For some lucky individuals, 2018 brought about both – success in their careers as well as some important life lessons. Aakanchha Karki, actor and co-founder and director of Katha Ghera, a self-sustaining theater collective, mentions that the past year was great for her mainly because the Katha Ghera team finally started Kausi theater (a 130-seat black box theater) and that brought on a lot of new opportunities their way. “But nothing can beat being able to accept yourself as you are. I was able to do that this year. It’s a personal feat I’m proud of,” she says.

Karki confesses that earlier she used to force herself to do things she didn’t want to because she felt it was appropriate for her age. This year, she claims, she has actively tried to maintain a work-life balance while resisting giving in to doing things that make her feel like she isn’t being true to herself. And being true to herself is perhaps the only New Year resolution she plans to keep in the coming year as well. She hasn’t made any other New Year resolutions yet and doesn’t think she will either. 

All the people this scribe spoke to also revealed that they weren’t very keen on making resolutions. They seemed to think resolutions were pointless because it’s a known fact that no one ever keeps their New Year’s resolutions. A study conducted by University of Scranton in 2013 found out that only eight percent of people who make New Year’s resolutions actually keep them. However, that doesn’t deter the naysayers from making what they termed as ‘loose plans’ for the New Year – something that’s not as stringent as resolutions and which won’t have them guilt ridden should they choose to forget all about it within a few weeks.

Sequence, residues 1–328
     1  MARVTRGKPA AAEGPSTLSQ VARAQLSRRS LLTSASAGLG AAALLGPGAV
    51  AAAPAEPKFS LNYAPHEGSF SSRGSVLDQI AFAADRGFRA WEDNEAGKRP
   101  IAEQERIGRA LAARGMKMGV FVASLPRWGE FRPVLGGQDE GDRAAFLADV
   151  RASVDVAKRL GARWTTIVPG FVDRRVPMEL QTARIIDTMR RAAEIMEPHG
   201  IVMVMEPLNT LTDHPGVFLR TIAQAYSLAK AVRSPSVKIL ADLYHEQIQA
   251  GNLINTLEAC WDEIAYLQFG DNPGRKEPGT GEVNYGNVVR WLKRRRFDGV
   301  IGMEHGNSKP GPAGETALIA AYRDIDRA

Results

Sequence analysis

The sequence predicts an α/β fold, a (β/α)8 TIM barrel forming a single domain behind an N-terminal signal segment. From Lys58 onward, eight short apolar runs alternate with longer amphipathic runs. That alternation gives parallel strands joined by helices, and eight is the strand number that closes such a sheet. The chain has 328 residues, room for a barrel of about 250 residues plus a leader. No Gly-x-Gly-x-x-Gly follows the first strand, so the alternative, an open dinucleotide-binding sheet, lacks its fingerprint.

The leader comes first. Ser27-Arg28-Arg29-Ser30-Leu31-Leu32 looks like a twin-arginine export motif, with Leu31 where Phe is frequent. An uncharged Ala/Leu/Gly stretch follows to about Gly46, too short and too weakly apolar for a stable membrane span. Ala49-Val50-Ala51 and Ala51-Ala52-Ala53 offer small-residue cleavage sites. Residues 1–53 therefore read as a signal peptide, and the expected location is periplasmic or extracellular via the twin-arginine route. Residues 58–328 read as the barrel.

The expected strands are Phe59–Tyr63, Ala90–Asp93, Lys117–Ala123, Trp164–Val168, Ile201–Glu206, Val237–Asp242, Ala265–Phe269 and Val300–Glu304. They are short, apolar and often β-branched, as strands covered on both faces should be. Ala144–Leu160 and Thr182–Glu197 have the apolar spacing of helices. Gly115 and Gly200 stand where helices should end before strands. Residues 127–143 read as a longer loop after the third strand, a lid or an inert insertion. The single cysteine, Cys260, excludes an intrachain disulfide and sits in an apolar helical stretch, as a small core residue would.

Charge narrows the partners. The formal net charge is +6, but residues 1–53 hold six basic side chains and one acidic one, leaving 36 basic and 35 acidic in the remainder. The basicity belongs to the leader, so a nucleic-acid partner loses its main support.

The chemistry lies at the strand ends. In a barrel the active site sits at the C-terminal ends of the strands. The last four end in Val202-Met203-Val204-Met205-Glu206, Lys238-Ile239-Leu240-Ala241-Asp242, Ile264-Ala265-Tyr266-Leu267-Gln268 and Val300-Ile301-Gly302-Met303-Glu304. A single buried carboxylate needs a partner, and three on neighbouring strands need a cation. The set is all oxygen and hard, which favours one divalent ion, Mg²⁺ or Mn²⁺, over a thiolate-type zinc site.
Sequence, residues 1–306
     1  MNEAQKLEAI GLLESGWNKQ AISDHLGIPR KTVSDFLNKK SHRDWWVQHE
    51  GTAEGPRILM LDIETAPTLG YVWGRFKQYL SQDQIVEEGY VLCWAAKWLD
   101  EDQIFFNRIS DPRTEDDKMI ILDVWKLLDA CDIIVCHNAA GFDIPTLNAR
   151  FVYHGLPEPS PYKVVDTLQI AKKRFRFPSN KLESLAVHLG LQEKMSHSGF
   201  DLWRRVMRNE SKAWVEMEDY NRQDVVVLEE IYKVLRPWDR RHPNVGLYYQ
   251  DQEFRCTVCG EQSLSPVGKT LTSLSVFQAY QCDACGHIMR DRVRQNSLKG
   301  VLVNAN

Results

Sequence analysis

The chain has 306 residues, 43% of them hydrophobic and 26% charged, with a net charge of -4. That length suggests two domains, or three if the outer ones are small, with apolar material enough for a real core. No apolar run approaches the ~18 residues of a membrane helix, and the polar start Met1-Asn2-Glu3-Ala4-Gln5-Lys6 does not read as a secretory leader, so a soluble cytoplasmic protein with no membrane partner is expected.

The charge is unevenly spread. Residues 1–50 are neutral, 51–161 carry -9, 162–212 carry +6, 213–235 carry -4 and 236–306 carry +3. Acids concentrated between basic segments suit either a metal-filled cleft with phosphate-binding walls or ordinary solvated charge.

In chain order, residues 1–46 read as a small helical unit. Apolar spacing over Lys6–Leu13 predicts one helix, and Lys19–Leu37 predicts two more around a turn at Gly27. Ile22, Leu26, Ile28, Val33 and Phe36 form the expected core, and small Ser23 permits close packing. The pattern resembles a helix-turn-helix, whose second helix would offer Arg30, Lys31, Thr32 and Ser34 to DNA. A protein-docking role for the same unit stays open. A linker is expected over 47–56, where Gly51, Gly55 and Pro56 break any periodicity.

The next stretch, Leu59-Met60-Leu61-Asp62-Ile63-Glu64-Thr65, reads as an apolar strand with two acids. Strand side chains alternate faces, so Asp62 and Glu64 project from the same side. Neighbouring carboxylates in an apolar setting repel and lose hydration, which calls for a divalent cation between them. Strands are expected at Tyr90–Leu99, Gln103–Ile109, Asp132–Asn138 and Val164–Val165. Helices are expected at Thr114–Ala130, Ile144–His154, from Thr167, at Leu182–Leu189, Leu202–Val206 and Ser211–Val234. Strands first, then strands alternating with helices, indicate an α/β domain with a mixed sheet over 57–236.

On the professional front, Niraula plans to produce at least three movies in the coming year as opposed to the one movie she has been producing every year until now. Actor Bhola Raj Sapkota, who was a part of the Bollywood movie, Barfi, says that he wants to do theater along with films this year. But his focus, he confesses, will be spending more time with his family. “I want to spend quality time with my two daughters,” he says. 
Fitness has also always been a major focal point at the start of every New Year. Fitness resolutions often fail after the first month but they still make it to every list, a testimony of people’s desire to be healthy and fit. Baniya who started working out regularly in 2018 states that he plans to continue doing so in 2019 as well as he feels a lot better about his body because of it. 

Karki, on the other hand, wants to be more forthright in the coming year. This, she feels, is something everyone should do. Just like working out is important for physical health, speaking your mind, Karki believes, is crucial for your mental wellbeing. “For me, one of the hardest things to do is point out when someone I know or respect is being rude or approaching an issue in an ignorant way,” she says adding that she plans to speak up when something doesn’t sit right with her this year. 

Despite not making resolutions, for many, the coming year will be based on lessons learnt in 2018. Whether it is in their personal or professional lives and whether people were driven by familial comfort or success, the desire to be happy and satisfied seemed to be the one constant. And perhaps it is that need that will drive many people to make the most of their lives in 2019 as well.